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Monteverdi – High Speed 375 L

Given the fact that the Swiss share borders with the titans of industry in Germany, the passionate, fiery Italians, and the Avant-Garde French it seems rather curious that Switzerland never became a motoring industry powerhouse in its own right. After all, Switzerland has no shortage of Alpine passes to tear up and down in a hard edged sports car, nor cosmopolitan cities to arrive in style in a luxurious GT car. And thanks to the Swiss banking industry, there’s also no shortage of cash to go around. Yet the Swiss curiously left the car building up to its neighbors and essentially stuck with banks and timepieces – with one very notable exception in the form of Peter Monteverdi.

Vehicle Overview

At the age of 16, Peter Monteverdi constructed his first car, a Fiat 1100-based special he built in the back of his father’s garage business. He went on to found MBM, where he built a series of karts and smallbore racing cars. In order to support his fledgling business he began importing Ferraris to Switzerland in 1957, eventually earning a position as the official Swiss distributor for Ferrari. His importing business soon grew to include a stable of luxury cars that included BMW, Lancia and Rolls Royce/Bentley.

In 1967, following a falling out with Enzo Ferrari (a seemingly common occurrence) Peter Monteverdi teamed up with Pietro Frua to design a full-fledged GT car suitable for tackling those magnificent Swiss roads as well as his demanding clients. Monteverdi took full advantage of the skills of his neighbors by outfitting his new GT with a steel chassis built in Germany, and clothed it in sexy Italian coachwork. Pietro Frua was hired to design the two-seat 375S, and the body did share some notable similarities to the AC 428 and Maserati Mistral, also Frua designs. Power came courtesy of Chrysler’s massive 440 cubic-inch Magnum V8. However, Monteverdi soon realized the demand for a four-seat grand tourer was stronger than his two seat model. So the 375L replaced the S, with a design that was based on Frua’s work, but tweaked by Monteverdi himself to accommodate two generous rear seats. The 375L was built by Fissore, however, the similarity to Frua’s original work did not go unnoticed by the Italian and he sued Monteverdi for a licensing fee. Regardless of the drama, Monteverdi attracted a unique clientele – wealthy eccentrics who eschewed traditional, mainstream sports cars in favor Peter Monteverdi’s Swiss beauties.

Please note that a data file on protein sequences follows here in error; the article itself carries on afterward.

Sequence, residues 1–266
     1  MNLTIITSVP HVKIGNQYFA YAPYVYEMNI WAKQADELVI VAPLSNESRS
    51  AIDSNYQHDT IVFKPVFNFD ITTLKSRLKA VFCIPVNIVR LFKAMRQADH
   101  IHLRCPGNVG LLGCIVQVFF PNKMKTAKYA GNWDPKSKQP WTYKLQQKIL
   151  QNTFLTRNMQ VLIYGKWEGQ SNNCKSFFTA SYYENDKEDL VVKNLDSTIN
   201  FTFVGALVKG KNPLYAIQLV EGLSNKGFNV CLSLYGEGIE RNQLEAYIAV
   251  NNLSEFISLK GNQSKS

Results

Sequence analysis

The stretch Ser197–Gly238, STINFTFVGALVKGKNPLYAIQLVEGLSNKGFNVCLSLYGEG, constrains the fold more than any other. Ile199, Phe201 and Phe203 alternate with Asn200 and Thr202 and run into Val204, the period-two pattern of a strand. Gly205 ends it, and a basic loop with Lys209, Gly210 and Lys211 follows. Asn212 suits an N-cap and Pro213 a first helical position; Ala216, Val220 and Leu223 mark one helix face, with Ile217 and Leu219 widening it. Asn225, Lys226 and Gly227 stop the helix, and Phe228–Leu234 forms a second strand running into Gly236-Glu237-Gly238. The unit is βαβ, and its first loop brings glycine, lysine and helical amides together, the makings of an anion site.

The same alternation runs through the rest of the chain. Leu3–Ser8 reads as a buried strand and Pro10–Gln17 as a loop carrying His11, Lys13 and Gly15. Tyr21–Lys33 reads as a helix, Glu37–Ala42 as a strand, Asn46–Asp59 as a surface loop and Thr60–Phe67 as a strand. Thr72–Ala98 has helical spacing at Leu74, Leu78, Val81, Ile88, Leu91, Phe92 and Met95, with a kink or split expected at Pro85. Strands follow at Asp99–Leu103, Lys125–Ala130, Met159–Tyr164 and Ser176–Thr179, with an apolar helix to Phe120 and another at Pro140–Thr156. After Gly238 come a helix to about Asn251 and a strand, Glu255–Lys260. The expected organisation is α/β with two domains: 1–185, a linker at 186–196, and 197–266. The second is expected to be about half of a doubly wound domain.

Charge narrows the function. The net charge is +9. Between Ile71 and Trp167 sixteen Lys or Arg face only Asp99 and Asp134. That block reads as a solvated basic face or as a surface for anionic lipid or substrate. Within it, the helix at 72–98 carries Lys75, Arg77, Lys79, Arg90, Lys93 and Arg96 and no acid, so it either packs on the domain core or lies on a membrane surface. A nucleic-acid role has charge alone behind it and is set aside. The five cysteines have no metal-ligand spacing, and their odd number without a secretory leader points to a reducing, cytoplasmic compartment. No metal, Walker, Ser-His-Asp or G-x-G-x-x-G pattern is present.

Photo courtesy of Hyman Ltd.

Technical Specifications

  • Body
  • Year
  • Make
  • Model
    High Speed 375 L
  • Coachbuilder
  • Length (mm)
  • Width (mm)
  • Height (mm)
  • Photo credits
    Hyman Ltd
  • Engine Type
  • Designer

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